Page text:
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MG MGB Technical - Brake drum stuck

Dear all,
Having no luck removing a rear brake drum - it seems to seized onto the (wire wheel splined) hub.

I have backed off the adjuster fully, gently tapped the drum all round - wont budge.

Tried twisting a couple of screw drivers between drum and back plate (placed opposite each other) - no movement at all.

Tried same again whilst someone tapped the face of the drum. No joy.

Finally tried to get the claws of a three arm puller onto the edge of the drum but there is insufficient space between the drum and back plate to locate the claws (can get two in but not third).

The only idea I have left is to get a blow torch and apply some heat to the drum.

Any suggestions most welcome!

Richard Atkinson

You are going to be replacing the brake shoes anyway, so
you can try this.

Remove adjuster retaining nuts (2 with washers)

Remove brake line and C-clip from wheel cylinder

Drill of heads to brake shoe retaining pins (these can be replaced later)

Disconnect hand brake lever from cable

Then using a block of wood (or anything that will catch the edge of the drum), tap off drum (with heavy hammer) going from backside out.
Steve Buchina

Forgot - have you removed the 2 drum retaining screws (inner radius on front side of drum)?
Steve Buchina

Wire wheels have four nuts I think, not the two screws of the steel wheel hub.

In the past I've shifted mine by using a screwdriver (or two, depending on how many there are of you) to lever the drum and back-plate apart while hitting on the end of the hub (i.e. along the line of the axle) with a mallet or nylon hammer. Has the same effect as removing the steering wheel by pressing on the back of the wheel with your knees whilst applying an impact along the line of the steering column.
Paul Hunt 2

"Wire wheels have four nuts I think, not the two screws of the steel wheel hub."

Paul - you are correct on this. My error and age showing.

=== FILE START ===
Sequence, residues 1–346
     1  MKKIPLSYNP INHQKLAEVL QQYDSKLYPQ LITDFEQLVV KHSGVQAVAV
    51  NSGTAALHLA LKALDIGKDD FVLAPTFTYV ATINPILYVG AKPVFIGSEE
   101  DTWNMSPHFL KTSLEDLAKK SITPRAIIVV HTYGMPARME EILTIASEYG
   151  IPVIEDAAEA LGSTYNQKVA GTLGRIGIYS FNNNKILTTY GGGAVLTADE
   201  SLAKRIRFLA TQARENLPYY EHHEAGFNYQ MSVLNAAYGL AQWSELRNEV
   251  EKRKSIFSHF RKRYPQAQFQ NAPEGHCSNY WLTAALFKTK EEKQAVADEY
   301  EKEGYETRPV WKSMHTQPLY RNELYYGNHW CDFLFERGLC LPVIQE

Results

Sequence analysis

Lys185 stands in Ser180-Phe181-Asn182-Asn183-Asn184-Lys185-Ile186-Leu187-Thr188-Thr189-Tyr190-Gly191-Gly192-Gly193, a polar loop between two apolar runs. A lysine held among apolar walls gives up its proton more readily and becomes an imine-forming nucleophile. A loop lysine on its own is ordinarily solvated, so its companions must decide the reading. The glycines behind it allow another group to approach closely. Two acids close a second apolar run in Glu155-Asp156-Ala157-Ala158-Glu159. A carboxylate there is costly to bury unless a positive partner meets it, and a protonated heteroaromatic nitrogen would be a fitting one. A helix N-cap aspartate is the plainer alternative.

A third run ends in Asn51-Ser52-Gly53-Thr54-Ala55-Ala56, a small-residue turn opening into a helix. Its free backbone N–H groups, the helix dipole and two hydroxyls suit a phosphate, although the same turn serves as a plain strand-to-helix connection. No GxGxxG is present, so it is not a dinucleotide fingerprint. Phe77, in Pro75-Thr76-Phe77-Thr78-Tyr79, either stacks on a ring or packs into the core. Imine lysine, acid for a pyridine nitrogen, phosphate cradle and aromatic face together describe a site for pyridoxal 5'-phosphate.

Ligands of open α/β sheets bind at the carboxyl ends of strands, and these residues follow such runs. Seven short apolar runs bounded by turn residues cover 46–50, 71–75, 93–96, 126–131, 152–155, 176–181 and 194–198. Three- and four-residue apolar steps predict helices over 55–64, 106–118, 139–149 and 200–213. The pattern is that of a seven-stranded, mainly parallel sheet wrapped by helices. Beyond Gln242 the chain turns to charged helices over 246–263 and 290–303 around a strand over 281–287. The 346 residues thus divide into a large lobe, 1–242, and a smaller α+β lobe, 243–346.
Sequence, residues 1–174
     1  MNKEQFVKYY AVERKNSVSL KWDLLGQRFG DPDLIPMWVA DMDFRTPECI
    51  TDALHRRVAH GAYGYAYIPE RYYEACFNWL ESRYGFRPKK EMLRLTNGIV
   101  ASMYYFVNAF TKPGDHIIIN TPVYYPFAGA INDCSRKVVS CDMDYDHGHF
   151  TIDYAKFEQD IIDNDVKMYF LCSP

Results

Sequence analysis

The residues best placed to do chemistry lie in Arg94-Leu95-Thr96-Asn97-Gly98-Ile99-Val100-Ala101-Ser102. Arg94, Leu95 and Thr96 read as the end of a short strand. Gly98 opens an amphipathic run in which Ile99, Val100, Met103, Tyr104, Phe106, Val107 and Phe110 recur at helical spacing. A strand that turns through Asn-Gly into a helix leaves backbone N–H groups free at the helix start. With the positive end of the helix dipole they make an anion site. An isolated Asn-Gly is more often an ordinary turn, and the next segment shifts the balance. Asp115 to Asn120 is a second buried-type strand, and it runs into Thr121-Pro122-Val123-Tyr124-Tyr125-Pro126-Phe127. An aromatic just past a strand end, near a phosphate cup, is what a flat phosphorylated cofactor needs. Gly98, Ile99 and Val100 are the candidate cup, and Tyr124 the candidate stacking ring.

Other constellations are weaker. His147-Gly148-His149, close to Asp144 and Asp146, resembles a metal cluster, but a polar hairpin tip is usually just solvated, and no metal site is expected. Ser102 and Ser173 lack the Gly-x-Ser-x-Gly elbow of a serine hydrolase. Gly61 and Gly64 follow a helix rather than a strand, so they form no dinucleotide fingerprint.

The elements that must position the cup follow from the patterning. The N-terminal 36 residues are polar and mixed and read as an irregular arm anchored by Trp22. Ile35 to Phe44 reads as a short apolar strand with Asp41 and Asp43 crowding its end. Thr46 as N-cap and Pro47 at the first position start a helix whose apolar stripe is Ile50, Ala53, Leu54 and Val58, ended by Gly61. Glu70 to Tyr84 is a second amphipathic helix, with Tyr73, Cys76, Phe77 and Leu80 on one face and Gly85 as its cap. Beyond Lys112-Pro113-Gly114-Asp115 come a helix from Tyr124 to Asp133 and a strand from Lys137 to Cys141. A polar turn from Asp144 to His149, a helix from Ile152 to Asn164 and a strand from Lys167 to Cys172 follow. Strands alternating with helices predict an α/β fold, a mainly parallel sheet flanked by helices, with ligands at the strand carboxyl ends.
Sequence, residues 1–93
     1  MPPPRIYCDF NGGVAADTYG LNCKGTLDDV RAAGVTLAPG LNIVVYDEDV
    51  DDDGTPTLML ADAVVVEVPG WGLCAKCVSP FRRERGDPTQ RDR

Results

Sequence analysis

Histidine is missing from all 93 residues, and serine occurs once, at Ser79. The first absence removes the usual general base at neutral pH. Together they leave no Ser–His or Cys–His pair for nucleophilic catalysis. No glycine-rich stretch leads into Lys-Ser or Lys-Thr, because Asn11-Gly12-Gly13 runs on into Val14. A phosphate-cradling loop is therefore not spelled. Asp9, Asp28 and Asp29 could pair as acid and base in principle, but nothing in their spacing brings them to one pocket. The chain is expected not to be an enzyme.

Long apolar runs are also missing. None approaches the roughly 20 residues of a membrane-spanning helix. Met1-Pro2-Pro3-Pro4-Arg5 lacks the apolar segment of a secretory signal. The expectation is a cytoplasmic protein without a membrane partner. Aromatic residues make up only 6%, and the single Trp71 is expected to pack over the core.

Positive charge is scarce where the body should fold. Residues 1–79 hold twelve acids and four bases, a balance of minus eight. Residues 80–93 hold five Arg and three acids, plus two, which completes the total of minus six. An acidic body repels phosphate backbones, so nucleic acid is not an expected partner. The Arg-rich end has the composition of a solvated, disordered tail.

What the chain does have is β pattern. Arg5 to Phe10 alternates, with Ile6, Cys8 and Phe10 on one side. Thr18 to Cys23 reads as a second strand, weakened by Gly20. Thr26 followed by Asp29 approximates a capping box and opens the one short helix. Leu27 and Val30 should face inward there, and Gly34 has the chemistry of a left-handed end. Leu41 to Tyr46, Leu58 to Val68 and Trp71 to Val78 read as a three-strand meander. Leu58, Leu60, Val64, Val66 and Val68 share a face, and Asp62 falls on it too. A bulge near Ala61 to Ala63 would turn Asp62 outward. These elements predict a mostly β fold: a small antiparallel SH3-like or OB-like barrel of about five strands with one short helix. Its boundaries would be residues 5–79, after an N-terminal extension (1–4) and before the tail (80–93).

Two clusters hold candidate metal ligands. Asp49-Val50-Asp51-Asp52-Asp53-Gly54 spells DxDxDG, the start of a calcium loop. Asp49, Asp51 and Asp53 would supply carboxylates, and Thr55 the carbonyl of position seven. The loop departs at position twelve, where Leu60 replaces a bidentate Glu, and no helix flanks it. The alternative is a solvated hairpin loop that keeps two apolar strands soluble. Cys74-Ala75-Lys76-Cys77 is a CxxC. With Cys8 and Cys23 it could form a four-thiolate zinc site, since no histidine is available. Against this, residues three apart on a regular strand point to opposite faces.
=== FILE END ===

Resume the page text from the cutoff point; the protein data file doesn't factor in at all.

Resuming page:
Steve Buchina

Steve, Paul, thanks for these suggestions - I'll try again this evening
Richard Atkinson

If you are planning to reuse the drum it is best not to pry or pull on the rim of the drum as they can be distorted. Either take the torch to it on the car or pull the hub and take it to a shop with suitable equipment to remove it
John H

Richard A tried and true method used by us old timers and not passed on until now. Hit the brake drum on the face with a big rubber mallet, almost between the four bolts but out a little, as if you were trying to hit it on. Hit it hard, you will do no damage even if you hit a stud. The impact has the effect of shocking the drum off. This was the accepted way of removing brake drums off British cars even when new.

Richard I'm with Dennis but slightly loosen off the 4 nuts holding the drum. Dont remove them as if it all goes horribly wrong they may stop bits of drum flying about. We remove modern brake discs -admittedly they wont be used again -using a BFH and this method! On reassembly a little copper grease round will prevent a repeat! HTH M
Michael Beswick

Quick update. I tried giving the drum a good wack, with and without the screwdrivers, but no luck. In the end I used a three arm puller. The drum was warped (looking side on and spinning the drum the edge ran out about 1/2cm or so - I assume that is not usual). I had to grind a bit off the lip of the back plate to get the third arm on (I thought I'd use some liquid steel to build it up again). Even then it took a fair amount of force to get the drum to move.

Many thanks for all the suggestions

A final comment on this problem - I assumed the difficulty in removing the drum from the hub was due to the drum being warped. Possibly not - a new drum from Moss would not easily fit the hub either. I guess one or more of the 4 bolts on the hub must be slightly out of position. I used a round file to open the bolt holes in the original drum slightly - the drum now slides on and off the hub ok.
Richard Atkinson

Lucky I didn't see this thread earlier, I may have been put off. Ignorance is bliss! Having tried to remove the Drums on my '66 B Roadster, with no previous experience, I was surprised that having removed the 4 nuts, Drum would not budge. Read 3 different books to see if I had missed something, & happy that nothing should be obstructing, went at it with the old "persuader" method, using the leather wheel hammer. A series of vigourous whacks, front & sides in quick succession & it came away. I never thought that it might crack into pieces?
Brian Griffin

Another trick you can use if the drum is binding on the studs is to put a nut on each stud to protect the thread , then give it a good wack with a bfh. The bottom of the stud is serated to hold it in the axel. Once driven in about 1/2" it will be loose in the hub and allow you to take off the drum. Once the drum is removed you can pull the stud back in using the nut.
John H

"give it a good wack with a bfh" - would have done me a power of good too, after so much grief!
Richard Atkinson

Did you all back off the adjuster first as the original poster did? Often needs to be done, especially if there is a detectable wear groove near the rim.
Paul Hunt 2

This thread was discussed between 10/08/2007 and 24/08/2007

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